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23 February 2008

Atop the Schilthorn: James Bond in the Alps

Gondola lifts, a revolving restaurant, Bond memorabilia, and a disappointing small town.

After my unexpectedly intense ski day, I needed a calmer day to recover. But I wasn't going to stay in bed at the hostel all day, and I still had the second day of my 2-day train/ski-lift pass to use. So naturally, I returned to the mountains!

This day, I had a mantra: "Take it easy." The Eagles song provided a soundtrack to my day, as I traveled up and down gondolas and vowed to not let the sight of all those skiers drive me crazy.

I left the hostel after another unexciting breakfast of stale bread and cereal. The day was misty and sunny, a relaxed day between the mountains.

I made my way across town again to the Interlaken Ost (east) train station. The day was surprisingly mild for mid-February. There were skiers and snowboarders on the train with me to Lauterbrunnen (it's actually a single train that splits into two halves, one half going to Grindelwald, where I was yesterday, and the other half continuing to Lauterbrunnen). From there I transferred to a bus to take me to Stechelberg a small town at the base of a thousand-foot near-vertical wall of a mountain.

My itinerary took me up and down cable cars / gondolas / ski lifts (whatever you call them!) for the whole day. And it was fun - cramming into the cars with a few dozen skiers and snowboarders. The cars were mostly smooth, rocked back and forth a little as they passed a supporting pole, but when that happened everyone (especially the kids) would just say "whoooooaaaa" and laugh afterwards.

So from Stechelberg, the gondola ascended to Mürren (via Gimmelwald - which I would return to later in the day), where I transferred to another lift that continued up the side of the mountain.

Since there was a lift coming every 15 minutes or so (thanks to Swiss-German efficiency!), I had a little time to get out at the stops along the way and take in the increasingly breathtaking views.

Soon I arrived at the final station, the peak of the Schilthorn, famous for the revolving restaurant at its peak, Piz Gloria, as well as the James Bond movie that was filmed there, On Her Majesty's Secret Service. I followed the footsteps of George Lazenby as I strolled out of the gondola and into the mountaintop building.

I walked up to the revolving restaurant. It was just like any other revolving restaurant, nothing too unconventional and somewhat dated-feeling, like a cultural-historic monument from 1972. Still, having the wondrous dream-like scenery of the Alps revolving around you as you dine is more than enough to distract you from any shortcomings.

I didn't eat there. Just below the restaurant was a gift shop filled with lots of souvenirs from the movie. There was also a small visitors center with a film screening room that played scenes from the movie, repeating every 20 minutes or so. I caught a few minutes of that then stepped outside.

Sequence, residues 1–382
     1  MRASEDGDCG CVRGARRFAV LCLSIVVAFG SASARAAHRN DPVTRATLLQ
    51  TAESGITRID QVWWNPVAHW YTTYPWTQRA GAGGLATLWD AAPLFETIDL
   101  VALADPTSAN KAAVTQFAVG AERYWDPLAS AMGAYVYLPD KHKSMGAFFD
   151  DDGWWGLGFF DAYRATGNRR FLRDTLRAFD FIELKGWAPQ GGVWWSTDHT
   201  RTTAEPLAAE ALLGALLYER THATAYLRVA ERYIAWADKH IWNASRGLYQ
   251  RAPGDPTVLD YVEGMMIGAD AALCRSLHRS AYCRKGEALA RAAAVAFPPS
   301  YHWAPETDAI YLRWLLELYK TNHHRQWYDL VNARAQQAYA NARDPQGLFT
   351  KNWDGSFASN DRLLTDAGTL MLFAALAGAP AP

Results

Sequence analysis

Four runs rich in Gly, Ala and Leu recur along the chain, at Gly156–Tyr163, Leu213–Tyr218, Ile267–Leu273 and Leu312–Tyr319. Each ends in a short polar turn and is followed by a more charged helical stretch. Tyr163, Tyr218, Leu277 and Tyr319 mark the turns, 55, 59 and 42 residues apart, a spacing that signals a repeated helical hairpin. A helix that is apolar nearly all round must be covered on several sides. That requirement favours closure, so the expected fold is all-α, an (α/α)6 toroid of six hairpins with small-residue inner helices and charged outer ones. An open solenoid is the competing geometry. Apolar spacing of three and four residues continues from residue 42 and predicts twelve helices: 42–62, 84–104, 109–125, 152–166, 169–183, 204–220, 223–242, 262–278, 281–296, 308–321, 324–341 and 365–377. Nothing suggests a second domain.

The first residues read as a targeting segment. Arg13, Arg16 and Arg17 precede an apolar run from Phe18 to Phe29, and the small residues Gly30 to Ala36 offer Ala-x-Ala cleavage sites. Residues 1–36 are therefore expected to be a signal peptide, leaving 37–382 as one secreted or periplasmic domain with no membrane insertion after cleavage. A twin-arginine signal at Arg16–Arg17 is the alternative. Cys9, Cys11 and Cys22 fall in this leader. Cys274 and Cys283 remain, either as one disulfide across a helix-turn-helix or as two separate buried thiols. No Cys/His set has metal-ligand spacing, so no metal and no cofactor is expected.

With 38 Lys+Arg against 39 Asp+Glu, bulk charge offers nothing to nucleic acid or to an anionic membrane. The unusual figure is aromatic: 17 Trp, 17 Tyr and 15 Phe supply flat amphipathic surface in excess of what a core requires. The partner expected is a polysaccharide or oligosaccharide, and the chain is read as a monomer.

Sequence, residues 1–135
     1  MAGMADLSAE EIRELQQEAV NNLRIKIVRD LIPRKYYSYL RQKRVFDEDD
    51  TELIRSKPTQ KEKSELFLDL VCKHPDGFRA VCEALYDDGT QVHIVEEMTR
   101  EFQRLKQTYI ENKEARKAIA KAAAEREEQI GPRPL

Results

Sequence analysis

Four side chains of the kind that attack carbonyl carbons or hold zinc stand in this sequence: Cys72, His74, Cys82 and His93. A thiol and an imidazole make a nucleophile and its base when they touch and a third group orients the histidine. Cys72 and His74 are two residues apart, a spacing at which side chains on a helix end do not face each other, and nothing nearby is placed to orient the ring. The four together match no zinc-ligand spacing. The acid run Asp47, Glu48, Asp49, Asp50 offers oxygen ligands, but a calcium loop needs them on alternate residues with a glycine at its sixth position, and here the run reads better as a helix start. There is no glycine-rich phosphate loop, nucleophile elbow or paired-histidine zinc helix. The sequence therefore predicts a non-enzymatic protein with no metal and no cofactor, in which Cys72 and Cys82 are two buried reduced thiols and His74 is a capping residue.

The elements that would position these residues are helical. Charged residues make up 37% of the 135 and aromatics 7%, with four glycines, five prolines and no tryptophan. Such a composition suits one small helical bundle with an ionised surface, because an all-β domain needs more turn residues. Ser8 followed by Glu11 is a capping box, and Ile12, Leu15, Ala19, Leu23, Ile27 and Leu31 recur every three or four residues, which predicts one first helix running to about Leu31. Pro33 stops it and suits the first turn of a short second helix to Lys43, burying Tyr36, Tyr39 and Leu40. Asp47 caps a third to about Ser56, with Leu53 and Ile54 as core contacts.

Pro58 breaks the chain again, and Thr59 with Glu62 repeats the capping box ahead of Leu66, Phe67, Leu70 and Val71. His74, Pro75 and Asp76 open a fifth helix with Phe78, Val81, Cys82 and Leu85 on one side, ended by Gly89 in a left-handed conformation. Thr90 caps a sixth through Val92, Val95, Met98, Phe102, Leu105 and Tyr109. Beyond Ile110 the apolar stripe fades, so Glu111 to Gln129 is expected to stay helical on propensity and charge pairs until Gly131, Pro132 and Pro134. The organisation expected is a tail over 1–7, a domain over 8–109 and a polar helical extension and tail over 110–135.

More absolutely spectacular views greeted me from every direction. There was not a cloud in sight for hundreds of miles.

So I returned down the mountain on more gondolas. At Mürren, I made a detour to visit the small (population ~100) town of Gimmelwald. I felt obliged to visit - because Rick Steves devoted a large section in my guidebook (Rick Steves's Best of Europe 2008) to this small village (if you could even call it that.

Rick Steves had never led me wrong before, so I trusted his advice wholeheartedly.

There were only a few people in the gondola with me, and when I got off in Gimmelwald, there were even fewer people in the town. I had simply walked into a collection of a dozen or so buildings, completely deserted and covered in snow! What a pathetic disappointment!

I took a moment to read through Rick Steves's description of the town and what exactly he found so charming. Well, apparently he visited in the summer when the cows are brought up to graze in and around town - okay, that wouldn't be there for me. There was a fountain used to pump drinking water for the cows. I saw it - it was frozen. And it was just a fountain! Apparently one of the buildings was a hotel, but everything in the town looked to be closed, so I couldn't even tell.

Rick Steves, I'm sorry to say that this time you failed me! Why, oh why?!

Well, so much for Gimmelwald. I returned on the gondola to Mürren, where I walked through the town. It was covered in snow, but it's a much larger town and has several resort hotels, so there was at least some activity. I walked behind a guy cross-country skiing down the main street! I made my way to the Bergbahn Lauterbrunnen–Mürren, a mountain railway that connected to one final gondola to take me back to Lauterbrunnen. And I was soon back in Interlaken.

I was rightfully exhausted as I returned into Interlaken in the late afternoon. I walked from the east train station to my hostel near the west, and the city seemed more hushed. It was Sunday, after all.

I rested for a little bit at the hostel. The guys I was hanging out with all week were already gone, on their train back to Lugano.

I wandered back into town on my own and had dinner at McDonald's. I know, chastise me as a hypocrite for extolling the virtues of traveling and eating local while practicing the inhumanity of supporting the number-one representative of globalization! But it's hard to argue with dinner costing less than $4. Homo economicus shone through!

The two girls from UCSC had disappeared for the night - to a hospital perhaps? I never heard from them again. Their friend, Alex, returned with a new friend of his own. I also met the other Alex, from Taiwan, who simply left his job for six months to travel around the world. Very cool!

After two exciting days and fun nights, I had a quieter night of rest for once. Well, mostly. There was more of Switzerland to see!

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